Generally, in both state and federal courts, private litigants must be able to plead and prove that they have legal standing to sue. In other words, they must show that:

  • they have an ‘injury in fact’ – that is, an invasion of a legally protected interest which is:
    • concrete and particularised; and
    • actual or imminent, not conjectural or hypothetical;
  • there is a causal connection between the injury and the conduct complained of; and
  • it is likely (as opposed to speculative) that the injury will be redressed by a favourable decision (see Lujan v Defenders of Wildlife, 504 US 555, 560-61 (1992)).  

In the federal court system, securities claims are a creature of statute. Therefore, claimants must meet the specific requirements of the law under which they wish to bring suit. For example, with regard to claims brought under the antifraud provisions of the Securities Exchange Act, such as Section 10(b), claimants must be the purchaser or seller of securities in the transaction complained of (seeBlue Chip Stamps v Manor Drug Stores, 421 US 723 (1975)).

For cases brought in federal courts, there are no restrictions on foreign claimants asserting claims based on securities purchased on a US-based exchange; however, foreign claimants are prohibited from bringing claims based on securities not purchased in domestic transactions (see Morrison v National Australia Bank, 561 US 247 (2010)).

For putative class actions brought in federal court under the Securities Act and the Securities Exchange Act, the most common claimants are pension funds and other institutional investors.  This is largely due to certain procedural requirements that were enacted as part of the Private Securities Litigation Reform Act 1995. These rules govern the selection of lead plaintiffs in certain class actions.

Pleading and evidentiary standards

What pleading and evidentiary standards apply to securities claims, including with regard to:

(a) Proof of reliance on the relevant misrepresentation, omission or other fraudulent conduct?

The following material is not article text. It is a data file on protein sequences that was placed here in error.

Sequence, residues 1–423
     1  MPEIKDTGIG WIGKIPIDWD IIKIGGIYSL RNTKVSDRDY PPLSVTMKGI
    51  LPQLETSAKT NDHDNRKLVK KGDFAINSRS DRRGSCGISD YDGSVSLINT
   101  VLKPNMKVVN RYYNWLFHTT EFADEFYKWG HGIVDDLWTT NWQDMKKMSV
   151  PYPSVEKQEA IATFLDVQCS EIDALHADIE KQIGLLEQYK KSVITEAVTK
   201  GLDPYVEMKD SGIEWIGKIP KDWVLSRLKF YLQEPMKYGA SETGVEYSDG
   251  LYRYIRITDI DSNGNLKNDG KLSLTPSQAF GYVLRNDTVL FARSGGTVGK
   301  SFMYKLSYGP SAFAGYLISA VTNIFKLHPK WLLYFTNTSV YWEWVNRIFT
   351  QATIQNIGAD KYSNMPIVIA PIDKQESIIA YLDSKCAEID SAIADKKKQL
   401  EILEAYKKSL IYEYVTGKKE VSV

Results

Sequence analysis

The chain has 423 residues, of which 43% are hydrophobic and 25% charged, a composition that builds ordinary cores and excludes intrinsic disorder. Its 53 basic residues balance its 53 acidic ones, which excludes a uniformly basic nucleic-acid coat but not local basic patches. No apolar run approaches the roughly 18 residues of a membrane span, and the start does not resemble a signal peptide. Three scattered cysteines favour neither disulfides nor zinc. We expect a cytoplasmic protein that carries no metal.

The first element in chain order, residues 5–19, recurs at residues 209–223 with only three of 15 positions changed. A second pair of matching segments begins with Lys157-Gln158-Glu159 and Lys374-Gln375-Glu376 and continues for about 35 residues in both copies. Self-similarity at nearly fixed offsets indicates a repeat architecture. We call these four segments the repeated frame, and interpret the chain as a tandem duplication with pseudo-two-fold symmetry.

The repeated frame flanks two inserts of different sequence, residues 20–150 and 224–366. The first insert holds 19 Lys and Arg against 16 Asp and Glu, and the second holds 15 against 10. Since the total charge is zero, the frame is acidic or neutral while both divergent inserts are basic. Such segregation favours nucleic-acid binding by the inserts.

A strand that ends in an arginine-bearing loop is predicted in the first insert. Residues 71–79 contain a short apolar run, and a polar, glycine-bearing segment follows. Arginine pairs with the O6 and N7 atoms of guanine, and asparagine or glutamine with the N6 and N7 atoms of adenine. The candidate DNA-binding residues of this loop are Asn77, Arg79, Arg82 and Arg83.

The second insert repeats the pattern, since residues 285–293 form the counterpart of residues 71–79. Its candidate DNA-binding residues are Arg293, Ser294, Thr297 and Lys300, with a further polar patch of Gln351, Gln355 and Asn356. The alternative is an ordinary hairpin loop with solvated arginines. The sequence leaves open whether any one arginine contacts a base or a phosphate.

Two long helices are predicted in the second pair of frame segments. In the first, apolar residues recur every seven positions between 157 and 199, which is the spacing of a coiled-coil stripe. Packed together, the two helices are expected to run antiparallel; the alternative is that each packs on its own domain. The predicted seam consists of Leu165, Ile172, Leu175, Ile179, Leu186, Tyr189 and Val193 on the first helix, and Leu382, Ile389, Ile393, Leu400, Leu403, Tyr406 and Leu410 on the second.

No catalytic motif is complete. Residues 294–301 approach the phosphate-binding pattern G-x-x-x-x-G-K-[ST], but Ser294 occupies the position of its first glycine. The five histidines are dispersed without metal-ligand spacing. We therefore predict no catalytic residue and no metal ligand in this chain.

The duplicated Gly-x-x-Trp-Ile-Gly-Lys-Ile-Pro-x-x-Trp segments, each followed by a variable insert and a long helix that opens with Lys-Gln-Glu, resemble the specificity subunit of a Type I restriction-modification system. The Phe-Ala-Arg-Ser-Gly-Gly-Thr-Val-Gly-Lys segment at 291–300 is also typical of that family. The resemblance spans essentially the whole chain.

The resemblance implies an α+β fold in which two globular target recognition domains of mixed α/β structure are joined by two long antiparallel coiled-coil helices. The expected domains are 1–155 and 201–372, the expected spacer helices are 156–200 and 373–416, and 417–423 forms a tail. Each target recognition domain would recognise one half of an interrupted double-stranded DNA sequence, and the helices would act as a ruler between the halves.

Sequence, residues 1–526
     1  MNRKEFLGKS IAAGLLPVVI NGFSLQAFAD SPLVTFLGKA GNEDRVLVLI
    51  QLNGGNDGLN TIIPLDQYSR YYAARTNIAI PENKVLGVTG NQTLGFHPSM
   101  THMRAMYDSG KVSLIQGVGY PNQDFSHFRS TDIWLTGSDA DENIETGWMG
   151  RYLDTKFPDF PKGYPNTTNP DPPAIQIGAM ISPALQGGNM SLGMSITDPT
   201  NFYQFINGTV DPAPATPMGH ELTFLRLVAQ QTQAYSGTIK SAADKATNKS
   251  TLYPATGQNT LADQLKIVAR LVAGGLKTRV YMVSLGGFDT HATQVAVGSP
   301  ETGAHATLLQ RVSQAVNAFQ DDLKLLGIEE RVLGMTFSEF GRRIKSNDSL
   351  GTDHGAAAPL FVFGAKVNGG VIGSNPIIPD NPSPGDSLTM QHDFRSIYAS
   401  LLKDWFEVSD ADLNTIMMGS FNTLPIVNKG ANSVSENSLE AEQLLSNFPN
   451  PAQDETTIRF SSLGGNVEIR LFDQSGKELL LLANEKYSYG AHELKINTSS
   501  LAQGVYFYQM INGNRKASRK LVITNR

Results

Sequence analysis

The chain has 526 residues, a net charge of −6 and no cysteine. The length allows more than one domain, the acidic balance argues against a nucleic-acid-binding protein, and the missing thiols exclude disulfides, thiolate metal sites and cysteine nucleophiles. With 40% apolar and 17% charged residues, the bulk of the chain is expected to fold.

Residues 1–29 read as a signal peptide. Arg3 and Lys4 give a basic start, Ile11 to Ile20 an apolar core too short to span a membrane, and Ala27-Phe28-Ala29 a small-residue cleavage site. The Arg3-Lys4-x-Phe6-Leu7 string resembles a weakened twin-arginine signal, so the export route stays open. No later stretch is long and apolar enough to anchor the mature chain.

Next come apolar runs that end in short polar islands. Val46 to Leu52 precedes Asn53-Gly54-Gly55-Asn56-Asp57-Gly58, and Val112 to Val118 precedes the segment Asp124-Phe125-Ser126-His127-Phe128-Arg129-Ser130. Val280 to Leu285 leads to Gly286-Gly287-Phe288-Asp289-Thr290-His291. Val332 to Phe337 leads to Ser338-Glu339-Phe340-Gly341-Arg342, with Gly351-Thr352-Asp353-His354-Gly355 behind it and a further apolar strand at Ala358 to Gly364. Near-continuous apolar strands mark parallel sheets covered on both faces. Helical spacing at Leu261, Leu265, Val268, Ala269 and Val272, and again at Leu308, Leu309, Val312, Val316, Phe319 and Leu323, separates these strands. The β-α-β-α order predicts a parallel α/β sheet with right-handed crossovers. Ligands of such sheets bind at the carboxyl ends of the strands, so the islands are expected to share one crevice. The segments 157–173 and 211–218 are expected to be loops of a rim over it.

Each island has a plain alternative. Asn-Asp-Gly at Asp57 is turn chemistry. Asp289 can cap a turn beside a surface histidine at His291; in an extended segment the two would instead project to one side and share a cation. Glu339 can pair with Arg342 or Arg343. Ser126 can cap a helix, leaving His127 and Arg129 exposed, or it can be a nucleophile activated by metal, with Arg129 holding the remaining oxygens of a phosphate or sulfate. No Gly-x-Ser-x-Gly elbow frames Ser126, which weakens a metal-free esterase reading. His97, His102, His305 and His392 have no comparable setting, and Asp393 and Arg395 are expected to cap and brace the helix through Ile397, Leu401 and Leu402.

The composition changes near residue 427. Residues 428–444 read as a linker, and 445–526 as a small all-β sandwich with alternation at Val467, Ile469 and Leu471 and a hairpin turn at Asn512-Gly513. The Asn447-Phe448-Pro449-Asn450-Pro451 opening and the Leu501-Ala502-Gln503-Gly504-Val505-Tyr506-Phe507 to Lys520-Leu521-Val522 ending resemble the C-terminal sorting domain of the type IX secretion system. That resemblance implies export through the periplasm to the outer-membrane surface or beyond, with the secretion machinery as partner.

For claims brought under Section 10(b) of the Securities Exchange Act and SEC Rule 10b-5, plaintiffs must prove actual reliance on the defendant’s misstatement. For claims involving omissions, proof of reliance is unnecessary if the omitted facts were material (seeAffiliated Ute Citizens of Utah v United States, 406 US 128 (1972)). 

For claims involving false or misleading representations on a public trading market, courts will find a rebuttable presumption of reliance based on a ‘fraud on the market’ theory. This theory assumes that if the alleged truth had been disclosed, investors would not have traded the securities at issue at the same price (see Basic Inc v Levinson, 485 US 224 (1988)). A defendant can rebut the presumption by showing that:

  • the purported misrepresentation did not affect the stock price; or
  • the plaintiff knew the alleged truth (id at 248 to 249).

For claims brought under Section 11 of the Securities Act, the plaintiff is not required to show proof of reliance in most circumstances. However, the plaintiff must show proof of reliance if the stock was acquired after the issuance of a 12-month earnings statement (15 USC Section 77k(a)).

(b) Proof of loss causation?

For claims brought under Section 10(b) of the Securities Exchange Act and SEC Rule 10b-5, plaintiffs must prove that the challenged act or omission caused their loss (15 USC Section 78u-4(b)(4)). The courts apply a two-pronged causation analysis:

  • First, plaintiffs must prove transaction causation – that “but for” the fraudulent misrepresentation, the investor would not have purchased or sold the security (see Basic Inc v Levinson, 485 US 224 (1988)).